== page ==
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What does a reader love more than reading a book? If you ask me, it would be reading books about books. There’s just something magical about a plot that revolves around a library, a bookstore, or simply a protagonist who is a voracious reader.
I especially like rooting for a protagonist who is a little bit eccentric and finds solace in books like Hermione in Harry Potter and the Sorcerer’s Stone or a tired employee who decides to quit her office job to finally open the bookstore she has always dreamed of like in The Bookshop on the Corner. Who else lives for these kinds of tropes? I’m sure it’s not just me!
So, to celebrate the National Book Month, I’ll be listing down some of my favorite books about books so that you can live vicariously through the protagonists:
Did you know that the film, Matilda, featuring Mara Wilson, Danny DeVito, and Pam Ferris (Miss Trunchbull) is based on a children’s book by Roald Dahl? If yes, then let’s high five to that! If not, then you’re about to enjoy a book like you’ve never had in a long time.
Matilda is about a smart, book-loving girl who seemed like she was mistakenly born in a family who would rather watch TV. Often left to her own devices, little Matilda learned to go to the library by herself every day to read books, and eventually, borrow some to read at home. Since home is not exactly a loving place for Matilda, she found solace in the characters in her books like Moby Dick by Herman Melville and Great Expectations by Charles Dickens.
You’ve probably heard about this classic title. It might even have been an assigned reading in school. But Fahrenheit 451 by Ray Bradbury needs to be in this list. This book will make you appreciate the freedom you have to read all the books you want.
This book is set in the dystopian future where firemen are tasked to start fires – and burn books – instead of putting it out. No one is allowed to read or own books because the authorities want to control what the people know and manipulate them into doing what they’re being asked to do. But one fireman got curious enough to check what all the fuss was about. He quickly realizes why the authorities were so afraid of these bound pieces of paper.
Kafka on the Shore is not exactly about books. It’s a bit more complicated with a side of the Oedipus complex. But what I like about it is the bookish protagonist Kafka Tamura – a 15-year-old boy who ran away from home to escape the Oedipal curse and ended up working and living in a private library. He would read books like One Thousand and One Nights and the collected works of Natsume Sōseki while eating sandwiches during his lunch break.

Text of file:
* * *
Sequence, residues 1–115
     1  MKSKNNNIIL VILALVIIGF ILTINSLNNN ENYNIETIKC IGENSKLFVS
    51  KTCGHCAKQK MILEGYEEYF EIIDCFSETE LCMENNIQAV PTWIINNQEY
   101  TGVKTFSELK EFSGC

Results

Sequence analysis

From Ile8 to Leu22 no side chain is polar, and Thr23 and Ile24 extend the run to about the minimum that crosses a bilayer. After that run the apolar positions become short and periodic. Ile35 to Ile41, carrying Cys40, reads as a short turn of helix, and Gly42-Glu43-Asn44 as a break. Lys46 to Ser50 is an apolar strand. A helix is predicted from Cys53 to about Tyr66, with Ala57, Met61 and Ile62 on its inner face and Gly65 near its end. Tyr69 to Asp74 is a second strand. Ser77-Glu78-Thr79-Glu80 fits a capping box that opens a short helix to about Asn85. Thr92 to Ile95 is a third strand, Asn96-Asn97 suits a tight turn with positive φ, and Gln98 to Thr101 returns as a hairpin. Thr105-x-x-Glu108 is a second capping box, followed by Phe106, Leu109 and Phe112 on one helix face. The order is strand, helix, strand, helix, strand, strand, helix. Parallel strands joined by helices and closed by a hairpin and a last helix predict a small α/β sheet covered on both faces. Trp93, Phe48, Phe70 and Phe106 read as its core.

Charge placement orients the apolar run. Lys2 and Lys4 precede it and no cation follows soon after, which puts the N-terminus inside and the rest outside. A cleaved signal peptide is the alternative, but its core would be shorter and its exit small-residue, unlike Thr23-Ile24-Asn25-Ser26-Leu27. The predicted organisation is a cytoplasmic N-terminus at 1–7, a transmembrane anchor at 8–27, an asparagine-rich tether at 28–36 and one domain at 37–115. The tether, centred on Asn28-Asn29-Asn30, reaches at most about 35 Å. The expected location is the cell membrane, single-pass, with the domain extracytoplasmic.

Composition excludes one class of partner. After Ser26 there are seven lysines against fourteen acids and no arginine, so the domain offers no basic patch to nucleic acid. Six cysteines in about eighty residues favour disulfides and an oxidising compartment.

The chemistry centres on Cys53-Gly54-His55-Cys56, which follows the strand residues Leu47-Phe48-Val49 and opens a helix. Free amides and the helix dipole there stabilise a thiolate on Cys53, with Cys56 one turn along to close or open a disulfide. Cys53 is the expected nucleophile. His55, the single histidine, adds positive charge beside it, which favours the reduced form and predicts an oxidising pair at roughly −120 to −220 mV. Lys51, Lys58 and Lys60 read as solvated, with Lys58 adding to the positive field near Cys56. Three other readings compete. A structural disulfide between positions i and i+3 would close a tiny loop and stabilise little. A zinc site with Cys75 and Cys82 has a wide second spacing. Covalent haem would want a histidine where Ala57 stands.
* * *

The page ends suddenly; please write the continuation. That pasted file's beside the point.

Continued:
Except for the Oedipal curse and the fact that he was being questioned by the police for his father’s murder, it made me want to be in Kafka’s shoes at that moment – living that routinary yet serene life in a library, whiling away the days reading book after book.
Have you ever dreamed about becoming a librarian? Then this is your chance to see what that’s like – both the joys and sorrows of being a custodian of books.
The Library Book is based on a true story by Susan Orlean, a reporter and bestselling author who investigated and reported on the Los Angeles Public Library (LAPL) tragedy. In the book, Susan recalls the day a fire engulfed the LAPL, burning over 400,000 books and damaging about 700,000 more. She recounted the moment the fire alarm sounded to the days that followed when the reality of the fire finally sunk in.
It may sound a bit heavy but don’t take this off your list just yet. Susan also talks about the quiet joys of library life and how a public library is helping so many people – from kids who are looking for a place to spend their time in, to jobseekers who need access to computers to prepare for their job interviews. Reading this book would make you want to visit your own public library and find ways to support it.
Maybe you’ve never dreamed of becoming a librarian but you’ve probably dreamed of reading books for a living. The kind of job that lets you meet authors, get first dibs on new titles, take books for free, and smell the aroma of new books – fresh from the press! Just like the protagonists in Kate Gavino’s A Career in Books.
Kate’s graphic novel revolves around three Asian women who love to read and write and who want nothing but a job in publishing or anything related to books. Being fresh grads, they land assistant roles and quickly find out that a job in publishing is not as exciting and dreamy as they thought it would be. But a downstairs neighbor who turns out to be a famous author suddenly makes their godawful publishing jobs seem more bearable and even a bit exciting.
Got your own bookish book recommendations? – Rappler.com